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Losing Power: Not Only a Big Apple Experience

UL is helping to safely modernize, decentralize and harden the global grids in many ways by diligently working with diverse stakeholders — utilities, governments and industry — to find innovative and responsible solutions.

A black and white photo of the densely packed New York City landscape.
July 22, 2019

More than 72,000 customers in New York City lost their power on Saturday, July 13. The outage dimmed activities along 30 blocks —  from Times Square to the Upper West Side   shutting down Broadway shows, concerts and traffic signals.

Of course, a massive power outage in New York City will almost always make the news, but losing power is hardly a solitary Big Apple experience.

Eaton’s annual Blackout Tracker report has been compiling power outage records in the U.S. for more than 10 years. According to their count, a little more than 12.8 million people across the U.S. experienced a power outage in 2018.

Ready.gov defines a power outage as when the electrical power goes out unexpectedly.

In case you were wondering, California wins in the category of the greatest number of power outages over a 10 year period. A total of 4,297 were reported in the Golden State between 2008 and 2018. It was lights out for 25,348,824 Floridians during the same time frame, the largest number of people affected in any state

With a loss of power being statistically probable for most of us at some time during our life, we wondered how much would we pay to ensure that we’re never left in the dark? Or, shivering in our homes in winter or melting our ice cream in the summer?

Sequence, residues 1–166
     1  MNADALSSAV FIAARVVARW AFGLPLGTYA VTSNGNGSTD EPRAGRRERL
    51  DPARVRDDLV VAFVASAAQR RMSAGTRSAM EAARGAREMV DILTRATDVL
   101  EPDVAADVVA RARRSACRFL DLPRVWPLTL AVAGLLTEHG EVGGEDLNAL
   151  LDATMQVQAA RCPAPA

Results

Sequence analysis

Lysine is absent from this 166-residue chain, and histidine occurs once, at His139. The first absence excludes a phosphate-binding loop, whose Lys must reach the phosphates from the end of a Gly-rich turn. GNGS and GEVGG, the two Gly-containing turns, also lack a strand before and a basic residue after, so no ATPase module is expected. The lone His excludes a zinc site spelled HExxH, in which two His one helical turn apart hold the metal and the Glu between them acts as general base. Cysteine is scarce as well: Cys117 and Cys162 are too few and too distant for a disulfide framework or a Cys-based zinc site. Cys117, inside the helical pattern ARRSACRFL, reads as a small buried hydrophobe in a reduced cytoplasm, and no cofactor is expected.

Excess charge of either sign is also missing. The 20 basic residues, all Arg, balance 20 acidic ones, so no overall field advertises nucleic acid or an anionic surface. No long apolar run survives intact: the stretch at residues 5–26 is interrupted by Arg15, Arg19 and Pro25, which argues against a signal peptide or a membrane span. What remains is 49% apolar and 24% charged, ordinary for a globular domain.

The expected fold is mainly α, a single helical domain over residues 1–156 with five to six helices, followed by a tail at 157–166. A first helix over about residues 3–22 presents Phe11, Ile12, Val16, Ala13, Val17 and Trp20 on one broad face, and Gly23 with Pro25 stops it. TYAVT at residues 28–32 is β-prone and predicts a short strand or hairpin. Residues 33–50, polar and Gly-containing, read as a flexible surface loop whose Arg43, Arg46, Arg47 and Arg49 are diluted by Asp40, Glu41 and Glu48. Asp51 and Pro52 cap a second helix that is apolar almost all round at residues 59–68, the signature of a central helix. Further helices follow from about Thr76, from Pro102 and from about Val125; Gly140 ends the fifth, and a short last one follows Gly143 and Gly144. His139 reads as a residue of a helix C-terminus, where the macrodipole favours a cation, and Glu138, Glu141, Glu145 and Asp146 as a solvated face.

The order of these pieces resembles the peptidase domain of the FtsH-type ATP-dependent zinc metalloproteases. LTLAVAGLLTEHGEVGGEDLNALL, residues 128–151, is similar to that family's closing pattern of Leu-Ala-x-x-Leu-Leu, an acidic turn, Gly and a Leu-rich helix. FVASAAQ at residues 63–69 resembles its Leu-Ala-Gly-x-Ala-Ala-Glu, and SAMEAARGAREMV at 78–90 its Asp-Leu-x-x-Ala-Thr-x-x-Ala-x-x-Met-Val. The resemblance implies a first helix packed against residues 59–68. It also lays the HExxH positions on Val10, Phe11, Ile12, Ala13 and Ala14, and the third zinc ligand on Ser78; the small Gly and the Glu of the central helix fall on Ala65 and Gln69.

Ken Boyce, principal engineer director for Energy and Power Technologies at UL, said that states, such as New York, are already investing millions of dollars in energy to help make their power grid more resilient.

Ironically, just two days before the city’s blackout, New York Gov. Andrew Cuomo announced the first round of funding for the $15 million Future Grid Challenge.

New York developed the program to help solve the technical challenges utilities face with energy transmission and distribution when integrating renewable energy resources into New York’s electric grid.

“New sources of energy generation and two-way power flows have diversified the grid,” Boyce said. “We have more options available, so it’s not only reliant on a centralized power plant.”

Ongoing efforts to develop increased resiliency in our electrical grid continues today. Distributed energy resources offer one of the best solutions for grid reliability as we incorporate more and more renewable energy into the mix.

In the meantime, investing in power backup for services like ATMs, traffic signals and street lights could be a smart hedge against some of the challenges presented by power outages. The ability to upgrade traffic lights with an auxiliary power source using solar panels for use during a power failure already exists.

“There is always a cost to building redundancies into any system,” Boyce said. “Many people invest in backup generators for their home, but if it’s a once in every three or four-year occurrence, is it worth it?”

UL is helping to safely modernize, decentralize and harden the global grids by diligently working with diverse stakeholders including utilities, governments and industry organizations to find innovative and responsible solutions.

In the end, though, each of us has to decide what services are critical in case of a blackout. Learning more about your options, especially when it comes to mission-critical infrastructure services, is always a great place to start.

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